Sujit Choudhry is a college professor and the founder of the Center for Constitutional Transitions. He is this organization’s director and its mission is to help policymakers who are designing or modifying a nation’s constitution. He has a global network of constitutional experts he works with to design evidence-based policy options. He says that he founded this organization after having spent years working as a constitutional advisor to various nations that were at the beginning stages of being democracies.
As an immigrant to the United States, Sujit Choudhry says that he brings a more global view having lived in three different countries during his lifetime. He was born and raised in Canada, earned one of his law degrees in the United Kingdom, and then moved to America in order to attend Harvard Law School and get his master of law. Since that time he has been a college professor in both Canada and the United States at different periods in his life.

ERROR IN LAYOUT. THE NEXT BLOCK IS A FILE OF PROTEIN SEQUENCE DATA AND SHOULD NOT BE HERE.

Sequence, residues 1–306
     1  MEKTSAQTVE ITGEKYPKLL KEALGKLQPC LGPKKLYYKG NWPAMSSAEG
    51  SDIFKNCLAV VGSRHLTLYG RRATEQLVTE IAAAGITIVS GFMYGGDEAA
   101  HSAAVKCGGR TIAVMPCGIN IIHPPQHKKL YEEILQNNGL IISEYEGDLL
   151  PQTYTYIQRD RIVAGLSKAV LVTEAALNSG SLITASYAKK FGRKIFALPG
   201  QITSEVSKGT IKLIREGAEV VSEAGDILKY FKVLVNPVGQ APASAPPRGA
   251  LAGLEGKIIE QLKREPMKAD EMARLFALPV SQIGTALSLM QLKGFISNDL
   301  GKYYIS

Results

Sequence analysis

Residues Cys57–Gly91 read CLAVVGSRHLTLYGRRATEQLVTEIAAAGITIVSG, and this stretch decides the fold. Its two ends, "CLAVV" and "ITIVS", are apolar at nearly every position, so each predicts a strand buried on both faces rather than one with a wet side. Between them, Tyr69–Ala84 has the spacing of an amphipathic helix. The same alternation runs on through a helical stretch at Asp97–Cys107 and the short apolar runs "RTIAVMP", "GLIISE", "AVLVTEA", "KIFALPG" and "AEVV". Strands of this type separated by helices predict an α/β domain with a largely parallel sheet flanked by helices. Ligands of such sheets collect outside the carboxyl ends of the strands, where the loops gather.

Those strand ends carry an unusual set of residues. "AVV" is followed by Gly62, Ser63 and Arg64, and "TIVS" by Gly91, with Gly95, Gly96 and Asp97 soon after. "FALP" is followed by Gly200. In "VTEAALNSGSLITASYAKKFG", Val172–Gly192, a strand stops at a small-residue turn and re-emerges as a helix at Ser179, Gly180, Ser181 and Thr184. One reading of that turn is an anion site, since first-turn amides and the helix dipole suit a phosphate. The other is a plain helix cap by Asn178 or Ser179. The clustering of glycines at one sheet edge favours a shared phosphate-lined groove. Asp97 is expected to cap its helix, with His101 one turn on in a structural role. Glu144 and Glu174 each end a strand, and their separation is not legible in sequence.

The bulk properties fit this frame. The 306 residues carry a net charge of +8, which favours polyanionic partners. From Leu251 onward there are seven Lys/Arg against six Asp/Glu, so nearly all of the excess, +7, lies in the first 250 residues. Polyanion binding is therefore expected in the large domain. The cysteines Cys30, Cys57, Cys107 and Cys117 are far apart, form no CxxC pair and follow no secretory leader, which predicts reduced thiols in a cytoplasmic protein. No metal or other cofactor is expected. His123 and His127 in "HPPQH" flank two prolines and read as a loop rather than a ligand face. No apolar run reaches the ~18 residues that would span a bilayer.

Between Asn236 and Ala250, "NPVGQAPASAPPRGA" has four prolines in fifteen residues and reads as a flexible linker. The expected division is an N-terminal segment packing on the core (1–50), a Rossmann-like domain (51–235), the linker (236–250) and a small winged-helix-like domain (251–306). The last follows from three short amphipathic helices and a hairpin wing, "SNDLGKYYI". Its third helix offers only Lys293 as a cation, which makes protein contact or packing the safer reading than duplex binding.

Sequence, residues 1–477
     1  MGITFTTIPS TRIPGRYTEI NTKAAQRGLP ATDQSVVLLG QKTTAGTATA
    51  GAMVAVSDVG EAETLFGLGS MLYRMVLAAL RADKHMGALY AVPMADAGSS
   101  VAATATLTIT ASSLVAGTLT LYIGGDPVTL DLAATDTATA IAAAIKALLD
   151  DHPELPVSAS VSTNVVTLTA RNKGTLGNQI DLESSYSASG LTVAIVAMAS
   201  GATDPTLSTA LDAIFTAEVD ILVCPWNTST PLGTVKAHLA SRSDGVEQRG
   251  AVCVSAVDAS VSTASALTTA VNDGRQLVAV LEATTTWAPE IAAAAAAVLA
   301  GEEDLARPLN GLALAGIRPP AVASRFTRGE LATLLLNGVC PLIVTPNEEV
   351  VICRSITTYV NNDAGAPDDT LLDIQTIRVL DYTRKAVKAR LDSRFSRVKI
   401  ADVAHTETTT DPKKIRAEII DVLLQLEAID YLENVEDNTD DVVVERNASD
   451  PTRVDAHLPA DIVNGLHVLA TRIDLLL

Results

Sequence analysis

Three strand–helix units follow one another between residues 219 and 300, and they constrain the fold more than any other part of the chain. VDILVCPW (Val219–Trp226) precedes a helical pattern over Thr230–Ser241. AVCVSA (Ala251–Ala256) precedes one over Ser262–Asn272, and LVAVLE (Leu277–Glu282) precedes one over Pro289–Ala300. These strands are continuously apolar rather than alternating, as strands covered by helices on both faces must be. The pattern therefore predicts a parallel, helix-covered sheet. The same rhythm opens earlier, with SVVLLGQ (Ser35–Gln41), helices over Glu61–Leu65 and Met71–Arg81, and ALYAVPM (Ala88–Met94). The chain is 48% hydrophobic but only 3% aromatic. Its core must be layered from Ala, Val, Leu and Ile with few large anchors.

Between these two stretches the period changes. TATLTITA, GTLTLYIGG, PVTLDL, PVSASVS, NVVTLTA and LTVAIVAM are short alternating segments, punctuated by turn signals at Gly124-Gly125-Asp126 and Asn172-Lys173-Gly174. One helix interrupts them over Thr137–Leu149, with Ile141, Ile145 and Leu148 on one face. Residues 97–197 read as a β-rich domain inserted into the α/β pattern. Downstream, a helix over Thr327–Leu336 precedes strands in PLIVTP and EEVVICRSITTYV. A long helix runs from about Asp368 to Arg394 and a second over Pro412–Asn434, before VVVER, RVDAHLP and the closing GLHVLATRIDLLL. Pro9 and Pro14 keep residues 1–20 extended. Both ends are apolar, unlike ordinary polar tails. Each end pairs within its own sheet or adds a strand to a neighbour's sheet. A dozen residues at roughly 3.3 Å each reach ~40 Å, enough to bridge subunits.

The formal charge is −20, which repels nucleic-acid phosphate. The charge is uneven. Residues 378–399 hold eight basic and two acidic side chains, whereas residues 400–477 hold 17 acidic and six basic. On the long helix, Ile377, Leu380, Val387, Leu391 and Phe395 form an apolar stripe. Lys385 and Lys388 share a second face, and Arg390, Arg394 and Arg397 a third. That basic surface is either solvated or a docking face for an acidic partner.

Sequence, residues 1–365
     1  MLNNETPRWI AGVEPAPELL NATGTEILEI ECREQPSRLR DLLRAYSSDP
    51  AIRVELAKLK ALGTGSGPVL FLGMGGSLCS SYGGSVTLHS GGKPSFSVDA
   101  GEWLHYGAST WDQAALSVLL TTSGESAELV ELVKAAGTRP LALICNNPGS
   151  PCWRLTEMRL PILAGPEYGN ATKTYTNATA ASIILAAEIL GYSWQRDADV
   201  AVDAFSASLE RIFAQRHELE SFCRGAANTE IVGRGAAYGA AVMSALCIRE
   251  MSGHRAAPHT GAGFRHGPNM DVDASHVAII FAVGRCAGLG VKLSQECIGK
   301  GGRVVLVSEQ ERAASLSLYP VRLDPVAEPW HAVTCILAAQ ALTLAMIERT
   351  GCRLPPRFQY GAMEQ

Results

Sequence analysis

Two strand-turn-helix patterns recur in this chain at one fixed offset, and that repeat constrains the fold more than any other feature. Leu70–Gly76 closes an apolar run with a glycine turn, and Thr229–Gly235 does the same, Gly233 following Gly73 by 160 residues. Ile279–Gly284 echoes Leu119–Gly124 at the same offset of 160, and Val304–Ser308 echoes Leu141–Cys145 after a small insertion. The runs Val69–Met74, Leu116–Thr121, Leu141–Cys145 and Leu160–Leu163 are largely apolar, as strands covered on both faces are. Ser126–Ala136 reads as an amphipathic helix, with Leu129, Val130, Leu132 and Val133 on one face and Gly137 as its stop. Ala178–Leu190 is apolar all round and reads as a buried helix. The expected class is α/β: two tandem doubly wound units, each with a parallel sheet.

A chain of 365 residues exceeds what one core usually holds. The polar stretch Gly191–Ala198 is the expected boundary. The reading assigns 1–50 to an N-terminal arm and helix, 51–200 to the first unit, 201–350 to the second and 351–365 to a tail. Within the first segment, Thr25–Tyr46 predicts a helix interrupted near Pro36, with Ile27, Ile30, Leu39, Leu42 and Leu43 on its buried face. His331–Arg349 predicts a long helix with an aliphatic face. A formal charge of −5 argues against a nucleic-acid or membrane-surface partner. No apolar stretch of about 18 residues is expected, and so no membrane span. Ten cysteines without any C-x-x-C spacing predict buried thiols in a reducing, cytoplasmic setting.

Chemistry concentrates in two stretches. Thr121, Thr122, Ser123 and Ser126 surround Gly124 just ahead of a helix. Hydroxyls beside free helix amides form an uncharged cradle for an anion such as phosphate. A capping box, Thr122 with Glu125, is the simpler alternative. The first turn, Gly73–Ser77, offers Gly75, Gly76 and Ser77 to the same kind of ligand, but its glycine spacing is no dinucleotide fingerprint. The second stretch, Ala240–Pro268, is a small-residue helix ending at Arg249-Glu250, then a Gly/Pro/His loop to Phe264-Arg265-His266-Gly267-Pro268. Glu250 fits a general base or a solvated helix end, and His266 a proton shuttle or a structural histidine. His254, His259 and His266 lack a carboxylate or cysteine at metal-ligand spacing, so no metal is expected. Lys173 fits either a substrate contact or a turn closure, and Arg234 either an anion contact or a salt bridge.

As someone who specializes in comparative constitutional law, Sujit Choudhry says that he thinks that liberal democratic constitutionalism is facing its biggest crisis since the end of the last World War. He says that the idea of American exceptionalism is completely a myth and doesn’t exist. He says that the current political climate has been experienced in other countries around the world and Americans need to learn what worked and what didn’t in other countries in order to move forward (iconnectblog.com).
In addition to Harvard Law School, Sujit Choudhry is also a graduate of the University of Oxford, the University of Toronto, and McGill University which is located in Montreal, Quebec, Canada (http://blogs.law.nyu.edu/magazine/2011/introducing-sujit-choudhry/). He also taught at the University of Toronto for six years and is tenured there. Since 2014 he has been the I. Michael Heyman Professor of Law at the University of California in Berkeley.
He has worked in many countries around the world as a constitutional advisor over the past two decades. Some of these countries are Nepal, Egypt, South Africa, and Ukraine. He says this has been done during all sorts of conditions such as during ceasefires or when political violence is going on.
Keep up with Choudhry, follow him on Twitter.